Web lists-archives.com

Re: Git documentation on branching.




On Mon, 10 Apr 2017 12:24:47 +0200
Samuel Åslund <samuel@xxxxxxxxxxxx> wrote:

[...]
> >> One feature with "git branch xyz" and "git checkout xyz" that is
> >> rather obvious if you know them but bit me a little since I did
> >> not, is that uncommitted work in progress is not affected or saved
> >> when switching between branches.
> > [...]
> > But neither is uncommitted work saved anywhere when you do
> > `svn switch` in Subversion which is analogous to `git checkout`.
> >
> > While I do know quite many people expect Git to somehow "preserve"
> > their work when switching branches without having them do anything,
> > I wonder what in Subversion workflow makes you think Git should have
> > had the behaviour you expected?
> 
> svn switch is heavy, thus I usually checked out a new branch in
> another directory. So probably not the Subversion workflow but rather
> _my_ workflow in Subversion.

Yes.  The equivalent thing with Git would be using its `git worktree`
subcommand (which is a stock subcommand since some time, and previously
was available in the form of an external script).  The said command
basically creates another "checkout" -- a working tree and a separate
index -- linked to the original repository.  You can have any number of
such separate work trees, and what's checked out in them is completely
irrelevant to the repository itself (which only keeps commits and the
data they refer to).

Note that since `git worktree` was (is?) sort of a clever hack not
originally envisioned as one of "stock" workflows, its insufficiently
covered by the documentation.  And while it indeed may be useful --
sometimes it's ineed convenient to have two versions of the same
codebase to be checked out side-by-side, -- I'd warn you against
rushing for using `git worktree` as it appears to support what you did
with Subversion: there is another approach to support your mindset
which I'll explain in a moment.

> Either way, your comment about peoples expectations was what I wanted
> to address. Expectation management is the responsibility of the 
> documentation, right?

It's hard to tell -- as Ævar Arnfjörð pointed out: there are two kinds
of documentation: manuals and books / introductory courses.  As was
shown to you, the manual page on `git checkout` explains what it does.
Whether that's clear right away to any newcomer, I cannot say.
Probably not, but if we'd turn that manual page to a book it will lose
its original meaning of being dry and to the point.

I have that problem with manual pages all the time: quite often they
are most useful on some Nth re-reading, where you approach them with
certain working knowledge under your belt -- and suddenly certain
things you read there "click" in your head; you did read them before
but your mind just skimmed over them while having the impression of
grasping the material.

> I find it quite reasonable to choose whether to stash the work in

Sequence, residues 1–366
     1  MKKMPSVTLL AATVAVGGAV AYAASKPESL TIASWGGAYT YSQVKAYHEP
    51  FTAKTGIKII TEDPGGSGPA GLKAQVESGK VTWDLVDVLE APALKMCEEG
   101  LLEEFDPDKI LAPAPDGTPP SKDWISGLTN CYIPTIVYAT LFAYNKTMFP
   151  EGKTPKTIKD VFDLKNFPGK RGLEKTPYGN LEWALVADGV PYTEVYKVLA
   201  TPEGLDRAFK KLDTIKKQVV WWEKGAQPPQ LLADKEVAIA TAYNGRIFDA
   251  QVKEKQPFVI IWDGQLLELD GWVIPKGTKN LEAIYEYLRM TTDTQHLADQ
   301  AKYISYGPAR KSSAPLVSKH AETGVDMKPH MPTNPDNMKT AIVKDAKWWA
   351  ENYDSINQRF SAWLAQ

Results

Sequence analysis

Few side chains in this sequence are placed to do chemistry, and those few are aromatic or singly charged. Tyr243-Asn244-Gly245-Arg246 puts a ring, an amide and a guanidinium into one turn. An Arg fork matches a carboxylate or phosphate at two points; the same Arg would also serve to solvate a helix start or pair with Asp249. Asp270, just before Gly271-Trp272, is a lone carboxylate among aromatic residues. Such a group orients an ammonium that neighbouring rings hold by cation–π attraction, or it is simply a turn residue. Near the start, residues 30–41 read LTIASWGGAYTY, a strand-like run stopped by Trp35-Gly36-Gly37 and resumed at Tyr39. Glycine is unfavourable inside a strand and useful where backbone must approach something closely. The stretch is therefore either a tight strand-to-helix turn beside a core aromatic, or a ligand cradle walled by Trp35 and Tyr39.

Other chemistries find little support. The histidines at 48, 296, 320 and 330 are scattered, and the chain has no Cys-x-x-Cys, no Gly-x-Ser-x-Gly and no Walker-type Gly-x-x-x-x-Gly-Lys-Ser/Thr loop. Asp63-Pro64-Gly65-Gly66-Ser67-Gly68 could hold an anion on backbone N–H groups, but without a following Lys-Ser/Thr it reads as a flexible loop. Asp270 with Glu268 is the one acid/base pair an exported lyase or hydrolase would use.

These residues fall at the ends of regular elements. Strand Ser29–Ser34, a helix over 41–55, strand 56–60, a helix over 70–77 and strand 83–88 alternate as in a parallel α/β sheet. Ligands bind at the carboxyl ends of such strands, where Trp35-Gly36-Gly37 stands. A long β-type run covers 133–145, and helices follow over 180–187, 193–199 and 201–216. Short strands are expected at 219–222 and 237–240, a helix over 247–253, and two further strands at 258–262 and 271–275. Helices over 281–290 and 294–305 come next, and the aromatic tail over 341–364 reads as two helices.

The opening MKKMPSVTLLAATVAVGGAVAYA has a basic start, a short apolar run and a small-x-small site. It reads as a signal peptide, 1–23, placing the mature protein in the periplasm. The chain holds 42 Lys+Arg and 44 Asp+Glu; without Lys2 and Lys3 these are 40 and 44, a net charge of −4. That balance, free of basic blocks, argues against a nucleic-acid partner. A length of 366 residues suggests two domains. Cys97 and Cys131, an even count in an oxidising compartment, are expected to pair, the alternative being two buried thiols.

> progress myself before checking out another branch, but since I did
> not expect to need to do that I didn't.
> 
> I think that what made me expect Git to handle my uncommitted work is 
> how the documentation talks about making it easy to switch between 
> working on different features, most of the time I do not feel 
> comfortable checking in when a feature is in a broken state and 
> interruptions for quick fixes usually comes in those situations.

That's more complicated that it sounds.
Consider the following things (in no particular order).

Sometimes "carrying your uncommitted work over" to another state of the
codebase is precisely what you'd want to happen, and that's what
`git checkout` does for your.  It even has a specual "I DO REALLY WANT
IT TO HAPPEN" switch, "-m", which makes that command to try to merge
your local modifications into what is about to be checked out if
otherwise your changes would be in conflict with that state.

What's with untracked files?  Sometimes they should be considered part
of the work to be saved away before checking out another state, and
sometimes not (`git stash` has a special switch, "-u" to make it stash
untracked stuff as well).  What would be the default mode?  Think of
it, and supposedly you'll come to a conclusion that either mode Git
could implement would alienate some group of folks. ;-)

Now let's consider the most interesting bit.

People switching from a non-distributed VC system are inherently and
subconsciously afraid of committing anything which "is not ready".
This is definitely a correct mindset with Subversion (which, IIUC,
still does not implement shelving it considered for a long time)
but not with Git.

Here, it's absolutely OK to lump together all the stuff you're
currently working it by `git add`-ing them, `git commit` it all --
usually putting an informal "WIP" prefix in the front of the commit
message to indicate it's work in progress -- and then switch away to
another branch.

When back, you just to `git reset HEAD~1` to move your checked out
branch one commit back and still having all your changes where you had
them -- in your work tree.  You could have saved a series of N WIP
commits if you wanted it this way for some reason, and then you'd do
`git reset HEAD~N` to achieve the same effect.  When you record a new
commit afterwards it will be recorded on to of what you've just reset
your branch to -- as if those WIP commits never existed.

This way your "not ready yet" changes maintained on particular branches
are kept right there -- at the tips of those branches.
Since Git is fine with using any commit for anything -- forking a
branch off it or pushing it, -- it's okay if, say, your boss orders you
to push what you've done on the "develop" branch while you have some
WIP commits at its tip: you just push not its tip but the last "ready"
commit on that branch.

TL;DR
Consider more possibilities ;-)